[dns-operations] we may finally have a dnssec use case ; -) Re: Odd behaviour of DNS queries in PRC (facebook, youtube & twitter)

Phil Pennock dnsop+phil at spodhuis.org
Fri Mar 26 00:49:59 UTC 2010

On 2010-03-25 at 16:06 -0700, Joe Abley wrote:
> The presupposition there is that there was no established population
> of validators (which you know, but I'm re-stating).

Loosely speaking, for most people, this is true today.

> > (b) I wish to also deal with people who have DNSSEC mandated on, so I
> >    publish my own DNSSEC keys, which sign the "right" keys for some
> >    zones and my own, second, keys for some others.  Those others then
> >    sign my own replacement data.  I can handle any queries needed; I
> >    farm out the NS servers for the faked domains across a pool of
> >    special auth servers which can query the correct data (where I'm
> >    passing through) and supplying replacement RRSIGs with my own keys.
> As soon as you replace RRSIGs, validation will fail. For any validator
> to accept your RRSIGs, you need to be able to control the validators'
> locally-configured trust anchors.

My understanding is that the long-term goal is to not have look-aside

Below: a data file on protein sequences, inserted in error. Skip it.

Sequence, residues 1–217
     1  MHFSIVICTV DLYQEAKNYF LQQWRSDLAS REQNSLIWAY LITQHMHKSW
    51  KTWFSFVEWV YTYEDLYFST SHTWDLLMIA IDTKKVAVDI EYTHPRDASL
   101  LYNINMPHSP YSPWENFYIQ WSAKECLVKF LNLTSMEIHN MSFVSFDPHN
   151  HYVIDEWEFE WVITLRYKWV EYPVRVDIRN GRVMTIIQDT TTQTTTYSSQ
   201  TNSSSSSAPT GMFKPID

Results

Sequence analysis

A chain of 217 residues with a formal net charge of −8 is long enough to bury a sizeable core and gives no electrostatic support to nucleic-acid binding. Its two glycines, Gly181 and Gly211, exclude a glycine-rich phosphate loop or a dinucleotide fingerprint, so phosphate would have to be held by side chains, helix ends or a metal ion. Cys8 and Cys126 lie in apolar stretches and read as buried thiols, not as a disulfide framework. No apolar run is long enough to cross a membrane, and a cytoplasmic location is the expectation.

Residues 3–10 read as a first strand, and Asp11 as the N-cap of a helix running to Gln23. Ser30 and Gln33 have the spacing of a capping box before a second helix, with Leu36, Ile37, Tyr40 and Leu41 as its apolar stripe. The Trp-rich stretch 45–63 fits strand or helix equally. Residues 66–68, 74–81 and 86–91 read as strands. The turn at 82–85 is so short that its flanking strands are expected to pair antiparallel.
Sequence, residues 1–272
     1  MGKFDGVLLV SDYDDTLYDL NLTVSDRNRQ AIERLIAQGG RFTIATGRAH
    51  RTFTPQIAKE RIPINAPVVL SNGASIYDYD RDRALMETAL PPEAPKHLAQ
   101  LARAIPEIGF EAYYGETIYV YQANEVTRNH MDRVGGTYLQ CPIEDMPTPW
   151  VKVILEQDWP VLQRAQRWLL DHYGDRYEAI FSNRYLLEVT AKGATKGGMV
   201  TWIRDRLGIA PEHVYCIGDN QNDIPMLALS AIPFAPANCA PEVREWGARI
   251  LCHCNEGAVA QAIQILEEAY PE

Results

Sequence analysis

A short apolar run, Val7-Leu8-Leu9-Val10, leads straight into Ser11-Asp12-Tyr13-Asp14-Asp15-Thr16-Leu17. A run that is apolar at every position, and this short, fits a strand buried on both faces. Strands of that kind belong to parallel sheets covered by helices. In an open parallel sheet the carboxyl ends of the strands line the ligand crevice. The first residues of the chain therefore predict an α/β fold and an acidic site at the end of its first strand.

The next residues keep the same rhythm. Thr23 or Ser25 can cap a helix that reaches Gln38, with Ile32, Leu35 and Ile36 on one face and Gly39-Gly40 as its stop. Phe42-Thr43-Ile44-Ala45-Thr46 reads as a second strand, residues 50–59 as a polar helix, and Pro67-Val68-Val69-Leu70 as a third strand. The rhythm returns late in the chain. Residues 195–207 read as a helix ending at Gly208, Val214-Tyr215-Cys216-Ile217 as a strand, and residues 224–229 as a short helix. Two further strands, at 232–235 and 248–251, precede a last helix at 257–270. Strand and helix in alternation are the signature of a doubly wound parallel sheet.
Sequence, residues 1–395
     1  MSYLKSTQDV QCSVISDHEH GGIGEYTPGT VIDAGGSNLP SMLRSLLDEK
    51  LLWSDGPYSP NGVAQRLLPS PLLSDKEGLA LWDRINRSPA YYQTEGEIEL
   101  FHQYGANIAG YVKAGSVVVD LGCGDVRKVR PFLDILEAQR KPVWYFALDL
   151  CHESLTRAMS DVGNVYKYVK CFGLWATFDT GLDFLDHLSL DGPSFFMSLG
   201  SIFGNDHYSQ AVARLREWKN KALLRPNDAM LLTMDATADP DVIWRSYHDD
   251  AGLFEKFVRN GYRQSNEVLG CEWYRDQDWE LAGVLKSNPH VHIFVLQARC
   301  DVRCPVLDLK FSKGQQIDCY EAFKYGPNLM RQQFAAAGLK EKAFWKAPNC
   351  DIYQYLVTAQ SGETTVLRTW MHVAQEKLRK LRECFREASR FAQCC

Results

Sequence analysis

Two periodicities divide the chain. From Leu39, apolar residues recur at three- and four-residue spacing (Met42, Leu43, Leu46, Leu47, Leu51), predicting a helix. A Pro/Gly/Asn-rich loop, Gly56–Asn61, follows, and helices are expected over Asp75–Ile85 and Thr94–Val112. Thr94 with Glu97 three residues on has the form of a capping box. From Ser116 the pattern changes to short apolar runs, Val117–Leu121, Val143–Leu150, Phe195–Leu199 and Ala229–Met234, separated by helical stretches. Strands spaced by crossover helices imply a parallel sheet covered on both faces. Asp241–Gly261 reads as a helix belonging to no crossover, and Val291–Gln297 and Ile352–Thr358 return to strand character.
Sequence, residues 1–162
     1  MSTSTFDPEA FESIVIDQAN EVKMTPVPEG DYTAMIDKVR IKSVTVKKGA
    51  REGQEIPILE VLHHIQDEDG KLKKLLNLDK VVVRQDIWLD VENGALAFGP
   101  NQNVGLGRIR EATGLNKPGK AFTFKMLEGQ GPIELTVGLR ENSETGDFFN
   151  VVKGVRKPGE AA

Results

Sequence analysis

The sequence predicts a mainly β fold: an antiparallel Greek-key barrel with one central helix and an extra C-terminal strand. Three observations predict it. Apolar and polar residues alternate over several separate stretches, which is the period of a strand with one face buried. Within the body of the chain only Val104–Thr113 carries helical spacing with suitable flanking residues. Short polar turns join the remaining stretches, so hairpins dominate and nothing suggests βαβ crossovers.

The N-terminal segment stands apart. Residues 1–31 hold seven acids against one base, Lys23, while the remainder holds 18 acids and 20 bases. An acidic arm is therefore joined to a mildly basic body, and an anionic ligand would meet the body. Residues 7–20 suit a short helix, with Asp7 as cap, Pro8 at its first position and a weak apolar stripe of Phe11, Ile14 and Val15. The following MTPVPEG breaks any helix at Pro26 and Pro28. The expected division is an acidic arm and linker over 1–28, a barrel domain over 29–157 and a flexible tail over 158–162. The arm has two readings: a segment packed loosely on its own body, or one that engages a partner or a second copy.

mechanisms and that all trust anchors will be in-tree, starting at the

> If you can control all the roots, then DNSSEC provides a mechanism
> whereby end users can tell that the data they are receiving is not
> what was published by the IANA.

End users mostly don't understand what DNS is.  ISP resolvers might be
maintained in such a way.  I've worked for an ISP, I've talked to others
who do, I know that the better ISPs will be able to set this up.  Many
... will have difficulty.

I'm willing to bet money that a sizeable chunk of those who do deploy
manually configured trust anchors will not prepare for KSK rollover and
will break, hard.

Outside of ISPs, the number of people who understand DNS well enough to
sort out KSK configuration and keeping it up-to-date is ... limited.

(In my more cynical moments, I think this is a good thing, some
low-quality ISPs will go under and the market will reward those who do
things right, but that too quickly leads to a whole different topic, of
whether or not there's realistic competition, etc.)


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